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Flipping the Pyramid: Lessons from Converting Top-Down Management of Bleak Row Fisheries

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dc.contributor.author Rova, Carl en_US
dc.date.accessioned 2009-07-31T14:28:35Z
dc.date.available 2009-07-31T14:28:35Z
dc.date.issued 2004 en_US
dc.date.submitted 2007-07-01 en_US
dc.date.submitted 2007-07-01 en_US
dc.identifier.uri https://hdl.handle.net/10535/208
dc.description.abstract "The fishing of vendace (Coregonus albula), in the northern part of the Gulf of Bothnia, is a good illustration of the presumption that institutional arrangements that are too inflexible to cope with changing ecological conditions are unlikely to prosper. Since the beginning of the 1960s, the trawl fishery for vendace has been top-down regulated by the state and, in the beginning of the 1990s, the catches started to decrease dramatically; there was a considerable fear among state authorities that the vendace resource was about to be depleted. This happened despite extensive state regulation and despite the fact that the resource is nonmigratory and concentrated in a rather limited area. The regulations were designed in such a way that it encouraged catch-maximizing behaviour among the fishermen during the bleakroe season; thus, all the prerequisites of a CPR dilemma were present. The vendace case illustrates that also a rather limited resource concentrated in a limited area might be difficult to manage in a sustainable way by top-down regulation performed by the State. If a resource, like the vendace, that is subject to human activity loses its resilience this would automatically indicate the socio-economic system, as manifested in management practices, has already lost its ability to adapt. "As a response to the poor performance of the fishery officials at the National Board of Fisheries considered different strategies to achieve a sustainable fishery in year 2000. Before the fishery started in 2000; a co-management system, with sharing of power and responsibility between the National Board of Fisheries and the trawl fishermen, was implemented. An extensive survey among almost all trawl- fishers shows that after three years of comanagement a change in the individual behaviour has occurred; fishermen have redirected their individual catch-maximizing strategies towards long-term collective rationality. With regulations implemented through bottom-up instead of top- down processes, the legitimacy for regulations has also increased considerably. At the same time, the management system has become more adaptive with responsible users who react to changes in the ecosystem, and the catches have increased extensively since co-management was implemented. The resource has recovered and the catch statistic for 2003 is almost as high as the record years in the 1980s. This paper explains how this flip in management system have affected the incentives for individual fishermen and how this change affects collective action and, thus, the long-term ecological survival of the vendace resource." en_US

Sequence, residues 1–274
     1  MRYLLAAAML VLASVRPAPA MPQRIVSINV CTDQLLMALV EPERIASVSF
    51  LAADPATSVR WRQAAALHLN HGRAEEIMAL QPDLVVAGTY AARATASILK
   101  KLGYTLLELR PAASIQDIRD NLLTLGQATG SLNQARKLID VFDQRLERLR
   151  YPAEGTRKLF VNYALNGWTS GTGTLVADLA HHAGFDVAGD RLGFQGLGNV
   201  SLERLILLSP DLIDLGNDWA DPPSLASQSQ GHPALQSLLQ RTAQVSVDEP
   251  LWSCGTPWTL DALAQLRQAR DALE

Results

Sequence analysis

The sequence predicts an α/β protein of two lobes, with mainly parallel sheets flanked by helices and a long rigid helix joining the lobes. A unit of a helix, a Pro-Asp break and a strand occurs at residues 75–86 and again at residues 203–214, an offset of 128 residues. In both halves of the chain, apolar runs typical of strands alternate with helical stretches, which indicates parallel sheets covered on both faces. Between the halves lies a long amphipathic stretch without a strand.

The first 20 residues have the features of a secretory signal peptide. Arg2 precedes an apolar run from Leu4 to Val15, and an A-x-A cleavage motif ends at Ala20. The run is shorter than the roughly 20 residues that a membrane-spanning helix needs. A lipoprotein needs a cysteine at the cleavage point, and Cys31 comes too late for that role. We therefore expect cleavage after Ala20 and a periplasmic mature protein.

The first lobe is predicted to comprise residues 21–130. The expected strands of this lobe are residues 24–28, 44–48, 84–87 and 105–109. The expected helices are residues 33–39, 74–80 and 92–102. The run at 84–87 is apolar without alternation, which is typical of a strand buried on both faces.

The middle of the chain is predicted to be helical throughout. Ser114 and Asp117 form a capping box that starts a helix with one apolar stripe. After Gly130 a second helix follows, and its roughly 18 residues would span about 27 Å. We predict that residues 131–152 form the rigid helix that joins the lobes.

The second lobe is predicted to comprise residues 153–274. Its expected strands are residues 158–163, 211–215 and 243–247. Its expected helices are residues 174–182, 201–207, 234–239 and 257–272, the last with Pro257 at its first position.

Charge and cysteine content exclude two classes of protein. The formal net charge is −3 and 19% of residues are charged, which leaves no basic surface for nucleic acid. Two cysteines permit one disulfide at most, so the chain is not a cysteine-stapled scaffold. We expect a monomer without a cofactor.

dc.subject IASC en_US
dc.subject fisheries en_US
dc.subject common pool resources en_US
dc.subject co-management en_US
dc.subject incentives en_US
dc.subject adaptive systems en_US
dc.title Flipping the Pyramid: Lessons from Converting Top-Down Management of Bleak Row Fisheries en_US
dc.type Conference Paper en_US
dc.coverage.region Europe en_US
dc.coverage.country Sweden en_US
dc.subject.sector Fisheries en_US
dc.identifier.citationconference The Commons in an Age of Global Transition: Challenges, Risks and Opportunities, the Tenth Biennial Conference of the International Association for the Study of Common Property en_US
dc.identifier.citationconfdates August 9-13 en_US
dc.identifier.citationconfloc Oaxaca, Mexico en_US
dc.submitter.email yinjin@indiana.edu en_US

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